Data released this week shows that just over one third (34%) of people living in the borough of Lewisham at the time of the 2011 Census were not born in the UK (in Lambeth and in Southwark the figure was 39%, and 31% in Greenwich).
Many others were the children or grandchildren of migrants. In terms of ethnicity, people defining themselves as White British (or English/Welsh/Scottish/NI) are the largest group in Lewisham (42%). But the majority (58%) are from other ethnic groups, the most significant groups being Black African, Black Caribbean and White Other (which includes Western and Eastern European, as well as Americans, Australians etc.):
|Ethnicity in Lewisham, 2011 Census|
How can debates around immigration continue to treat the largest part of the capital's population as if they are some kind of social problem? Far from being a problem, migrants and their descendants are at the heart of London and make it a truly World City. This week I have had a Bulgarian colleague fix my computer, listened to an African parent sing the praises of the Polish support worker for her autistic son, and heard how a Brazilian teacher has helped transform a local nursery. In other words, a typical week in London - no problem.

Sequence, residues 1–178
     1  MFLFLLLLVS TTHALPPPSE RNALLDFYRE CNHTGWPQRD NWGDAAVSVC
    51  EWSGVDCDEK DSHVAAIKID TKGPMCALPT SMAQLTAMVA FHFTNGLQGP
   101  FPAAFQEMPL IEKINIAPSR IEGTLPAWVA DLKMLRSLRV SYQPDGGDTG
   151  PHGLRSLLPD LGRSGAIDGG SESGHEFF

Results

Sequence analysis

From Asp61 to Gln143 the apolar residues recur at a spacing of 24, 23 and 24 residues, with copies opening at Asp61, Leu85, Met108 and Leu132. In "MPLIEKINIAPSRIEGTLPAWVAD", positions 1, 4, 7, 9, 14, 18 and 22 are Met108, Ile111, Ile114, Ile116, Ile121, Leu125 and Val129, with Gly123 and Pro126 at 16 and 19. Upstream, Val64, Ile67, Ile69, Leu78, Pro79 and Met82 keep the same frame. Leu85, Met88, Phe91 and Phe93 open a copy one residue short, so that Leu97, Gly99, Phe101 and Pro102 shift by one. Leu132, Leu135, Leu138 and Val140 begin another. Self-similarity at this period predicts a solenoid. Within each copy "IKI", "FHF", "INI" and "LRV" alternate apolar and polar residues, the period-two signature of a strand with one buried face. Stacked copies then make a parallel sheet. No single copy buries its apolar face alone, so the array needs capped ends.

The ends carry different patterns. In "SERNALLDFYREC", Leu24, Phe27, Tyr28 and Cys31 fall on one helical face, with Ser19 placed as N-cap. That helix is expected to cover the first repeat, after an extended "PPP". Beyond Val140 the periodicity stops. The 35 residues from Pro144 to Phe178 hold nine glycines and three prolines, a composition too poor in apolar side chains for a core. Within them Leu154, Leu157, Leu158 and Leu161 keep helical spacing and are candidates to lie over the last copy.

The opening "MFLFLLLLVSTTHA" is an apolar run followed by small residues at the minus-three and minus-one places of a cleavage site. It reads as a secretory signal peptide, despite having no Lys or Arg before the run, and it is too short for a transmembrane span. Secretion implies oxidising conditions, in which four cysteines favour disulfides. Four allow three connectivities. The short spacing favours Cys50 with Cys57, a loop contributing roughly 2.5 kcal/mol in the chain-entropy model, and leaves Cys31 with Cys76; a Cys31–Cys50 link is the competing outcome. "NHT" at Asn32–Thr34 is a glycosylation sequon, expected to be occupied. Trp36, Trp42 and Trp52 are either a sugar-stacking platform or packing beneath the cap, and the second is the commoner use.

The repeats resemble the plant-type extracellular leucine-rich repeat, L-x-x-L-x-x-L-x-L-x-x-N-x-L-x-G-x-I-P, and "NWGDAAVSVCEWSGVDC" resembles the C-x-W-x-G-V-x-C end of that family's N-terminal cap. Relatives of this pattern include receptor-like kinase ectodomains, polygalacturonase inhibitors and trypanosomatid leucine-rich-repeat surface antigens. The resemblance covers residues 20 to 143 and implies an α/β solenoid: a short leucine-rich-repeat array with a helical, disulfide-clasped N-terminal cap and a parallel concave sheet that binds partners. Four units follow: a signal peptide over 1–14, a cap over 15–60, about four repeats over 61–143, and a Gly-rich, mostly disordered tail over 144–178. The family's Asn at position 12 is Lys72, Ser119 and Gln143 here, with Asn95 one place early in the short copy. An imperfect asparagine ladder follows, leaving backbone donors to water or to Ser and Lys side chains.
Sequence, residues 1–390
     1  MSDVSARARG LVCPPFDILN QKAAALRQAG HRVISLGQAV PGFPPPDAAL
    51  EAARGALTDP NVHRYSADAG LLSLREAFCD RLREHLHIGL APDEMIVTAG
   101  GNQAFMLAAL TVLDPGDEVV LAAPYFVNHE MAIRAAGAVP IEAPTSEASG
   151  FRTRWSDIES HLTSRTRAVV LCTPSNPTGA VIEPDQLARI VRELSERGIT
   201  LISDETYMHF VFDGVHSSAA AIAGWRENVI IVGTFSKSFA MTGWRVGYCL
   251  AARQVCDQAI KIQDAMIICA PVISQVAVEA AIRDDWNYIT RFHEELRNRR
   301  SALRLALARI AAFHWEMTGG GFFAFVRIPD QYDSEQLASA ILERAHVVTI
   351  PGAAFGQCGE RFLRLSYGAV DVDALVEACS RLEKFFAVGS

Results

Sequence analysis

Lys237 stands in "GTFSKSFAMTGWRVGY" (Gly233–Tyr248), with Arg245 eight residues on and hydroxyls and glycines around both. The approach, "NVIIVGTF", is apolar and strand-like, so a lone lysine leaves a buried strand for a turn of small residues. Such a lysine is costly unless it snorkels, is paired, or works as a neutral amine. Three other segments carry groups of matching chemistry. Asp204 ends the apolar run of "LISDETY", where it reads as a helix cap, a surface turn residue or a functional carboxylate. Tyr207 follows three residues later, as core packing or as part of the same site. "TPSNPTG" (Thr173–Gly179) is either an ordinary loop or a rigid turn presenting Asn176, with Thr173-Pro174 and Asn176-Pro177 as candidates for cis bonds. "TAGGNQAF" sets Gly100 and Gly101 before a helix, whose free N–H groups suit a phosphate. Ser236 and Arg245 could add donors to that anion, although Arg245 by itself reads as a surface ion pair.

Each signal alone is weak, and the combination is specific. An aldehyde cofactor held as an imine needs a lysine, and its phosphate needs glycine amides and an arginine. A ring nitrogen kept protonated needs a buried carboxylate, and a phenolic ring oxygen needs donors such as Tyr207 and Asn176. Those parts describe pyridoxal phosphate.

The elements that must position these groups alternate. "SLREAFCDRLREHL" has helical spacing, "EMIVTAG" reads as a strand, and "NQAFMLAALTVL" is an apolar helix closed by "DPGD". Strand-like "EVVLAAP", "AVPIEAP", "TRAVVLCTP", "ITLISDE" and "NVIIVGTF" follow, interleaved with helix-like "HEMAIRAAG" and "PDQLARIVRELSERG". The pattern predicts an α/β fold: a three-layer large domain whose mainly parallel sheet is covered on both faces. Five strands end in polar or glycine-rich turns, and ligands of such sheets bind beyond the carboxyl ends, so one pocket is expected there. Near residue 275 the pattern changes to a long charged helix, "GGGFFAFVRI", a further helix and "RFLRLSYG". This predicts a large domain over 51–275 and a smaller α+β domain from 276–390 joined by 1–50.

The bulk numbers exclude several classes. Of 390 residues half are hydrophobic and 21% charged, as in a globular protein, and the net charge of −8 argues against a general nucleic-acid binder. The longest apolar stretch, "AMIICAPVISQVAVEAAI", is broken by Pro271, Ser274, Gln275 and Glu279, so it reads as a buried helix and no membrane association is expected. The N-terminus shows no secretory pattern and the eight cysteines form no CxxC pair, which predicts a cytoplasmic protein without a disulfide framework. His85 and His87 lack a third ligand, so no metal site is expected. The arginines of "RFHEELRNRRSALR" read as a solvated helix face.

'Integration' doesn't happen because governments command it, but because people mostly get on with each other and mix with each other as they go about their lives in the city. Work is one place where this happens, but some migrants are banned from working, and many others are unemployed. In addition the very social spaces where people from different backgrounds encounter each other - Children's Centres, libraries, youth clubs etc. - are continually threatened by cuts, as are English classes for adult learners. In this sense, the actions of the government are more of a barrier to integration than the behaviours of migrants and their neighbours.
[Incidentally the Census estimates that the population of greater London is 8.2 million - an increase since 2001 but still less than the estimated peak population of 8.6 million in 1939]